A high negative voltage at the output node GLHV may occur when the control signal CTR and the signal ER_S are set at Vss before the negative pump 13 moves the node HN from Vss down to Vnn. In one example, when the node HN transitions from Vss to Vnn, the node HP may transition to roughly 8V (which may vary according to the technology process and supply voltages implemented), which may move the node Vc1 to roughly 8V as well. This generally turns the transistors M1, M2, Mb2 and M5 off. Now the node Vc2 may be at Vss which is not generally low enough to turn the transistor M6 on, since the signal ER S is at Vss. However, the transistor M6 may prevent the node DN from going too positive when the transistor M5 is switched off. More specifically, as the transistor MS is turned off by the control signal CTR, the node DN is no longer anchored to the node HP and can float. The transistor M6 may allow the node DN to float in the negative direction, but not at a voltage level higher than Vss plus a threshold voltage. Therefore, as the node HN begins to ramp down to Vnn, the node DN follows the node HN due to the coupling of the capacitance C1. The ramping of the node HN turns on transistors M3 and M4 that may transfer the negative voltage to the signal GLHV.
Symmetrically to the previous case, the junctions of the transistors M1 and M2 may be exposed to a very high voltage difference (e.g., HP- (-HN), or 18V). Thus, the transistor Mb1 may be used to force the node NB (i.e., a node between the source of the transistor M1, the drain of the transistor M2 and the source of the transistor Mb1) to a voltage level close to Vss. This generally ensures that the voltage across M1 and M2 is not higher than 11V. An additional potential breakdown condition may occur when the node DN reaches Vnn (e.g., −10V) and the node HP is at 8V. In the absence of the transistor Mb5, this may have led to 18V across transistor MS.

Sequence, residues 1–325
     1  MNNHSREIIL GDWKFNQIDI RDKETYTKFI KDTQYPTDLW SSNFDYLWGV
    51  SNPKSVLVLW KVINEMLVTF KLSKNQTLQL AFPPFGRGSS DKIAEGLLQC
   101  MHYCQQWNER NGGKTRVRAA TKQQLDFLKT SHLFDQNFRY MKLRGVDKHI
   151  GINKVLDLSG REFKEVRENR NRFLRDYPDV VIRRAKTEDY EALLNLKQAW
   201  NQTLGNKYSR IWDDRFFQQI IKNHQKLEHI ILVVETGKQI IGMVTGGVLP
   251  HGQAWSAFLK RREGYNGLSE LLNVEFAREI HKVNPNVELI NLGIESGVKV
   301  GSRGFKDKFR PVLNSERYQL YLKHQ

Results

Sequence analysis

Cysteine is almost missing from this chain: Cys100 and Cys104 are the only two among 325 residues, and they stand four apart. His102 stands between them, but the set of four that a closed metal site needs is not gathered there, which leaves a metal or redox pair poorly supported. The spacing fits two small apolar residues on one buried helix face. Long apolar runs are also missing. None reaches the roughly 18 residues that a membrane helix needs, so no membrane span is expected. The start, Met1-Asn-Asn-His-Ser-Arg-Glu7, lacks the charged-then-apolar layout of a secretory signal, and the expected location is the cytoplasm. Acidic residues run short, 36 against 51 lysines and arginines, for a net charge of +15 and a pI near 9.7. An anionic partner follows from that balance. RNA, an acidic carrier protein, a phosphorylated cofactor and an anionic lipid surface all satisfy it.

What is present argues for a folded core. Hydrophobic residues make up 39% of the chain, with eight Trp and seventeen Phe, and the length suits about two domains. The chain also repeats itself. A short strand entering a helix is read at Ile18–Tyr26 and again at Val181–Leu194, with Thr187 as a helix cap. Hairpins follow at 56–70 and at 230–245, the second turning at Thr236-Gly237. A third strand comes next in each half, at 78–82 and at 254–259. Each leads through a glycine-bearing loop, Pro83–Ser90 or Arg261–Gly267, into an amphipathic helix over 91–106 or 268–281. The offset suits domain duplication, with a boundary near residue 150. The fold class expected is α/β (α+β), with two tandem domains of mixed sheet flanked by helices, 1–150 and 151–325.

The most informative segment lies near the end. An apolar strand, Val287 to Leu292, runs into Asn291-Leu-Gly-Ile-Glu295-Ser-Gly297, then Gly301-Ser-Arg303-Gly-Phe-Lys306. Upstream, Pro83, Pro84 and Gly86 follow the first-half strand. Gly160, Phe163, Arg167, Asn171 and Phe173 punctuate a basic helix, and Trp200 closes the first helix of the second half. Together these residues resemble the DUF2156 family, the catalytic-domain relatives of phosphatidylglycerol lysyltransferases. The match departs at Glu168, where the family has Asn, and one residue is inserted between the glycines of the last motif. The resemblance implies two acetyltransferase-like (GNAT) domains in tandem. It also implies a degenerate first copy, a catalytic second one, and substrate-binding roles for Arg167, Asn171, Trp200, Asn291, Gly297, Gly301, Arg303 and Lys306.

The arrangements introduced in the circuit 10 are generally designed to prevent junction-breakdown problems in a circuit implemented in a technology where the breakdown voltage for high voltage transistors is limited (e.g., 12V). In different technologies or in applications where the output voltage is not so extreme, the transistors Mb1, Mb2, Mb5, M3 and M2 may be removed, making the circuit 10 much simpler and easy to layout. For example, all of the PMOS devices may be located within the same n-well.
Referring to FIG. 3, a more detailed diagram of the HV positive switch 11 is shown generally comprising a transistor 50, a transistor 52, a transistor 54, a transistor 56, a transistor 58, a transistor 60, a transistor 62, and a transistor 64. The output 20 and the output 22 are generally complementary signals. In general, as the signal at the input 18 transitions between a zero and Vcc, the signal at the output 20 transitions between zero and Vpp. A signal ER may typically stay at a zero volts and may be taken to an intermediate high voltage when Vpp is at a very high voltage (e.g., 15V) or when junction breakdown may occur in the P transistors (e.g., the transistors 50 and 52).
Referring to FIG. 4, a transient simulation is shown where the signal CTR is taken low twice in a row. As a result, the signal GLHV follows to a negative voltage of −7.7V for a Vnn of −10V. A voltage drop of 2.3V from the node HN to the signal GLHV is observed mainly due to the fact that the node DN does not generally transition more negative than the node HN plus a PMOS threshold voltage (i.e., −9.4V). Thus, the transistor M4 cannot pass the node HN fully with −9.4V at its gate, which results in the node PB being at −8.8V. An additional 1V may be dropped through the transistor M3. When CTR goes high, the signal GLHV follows the node HP up to Vpp.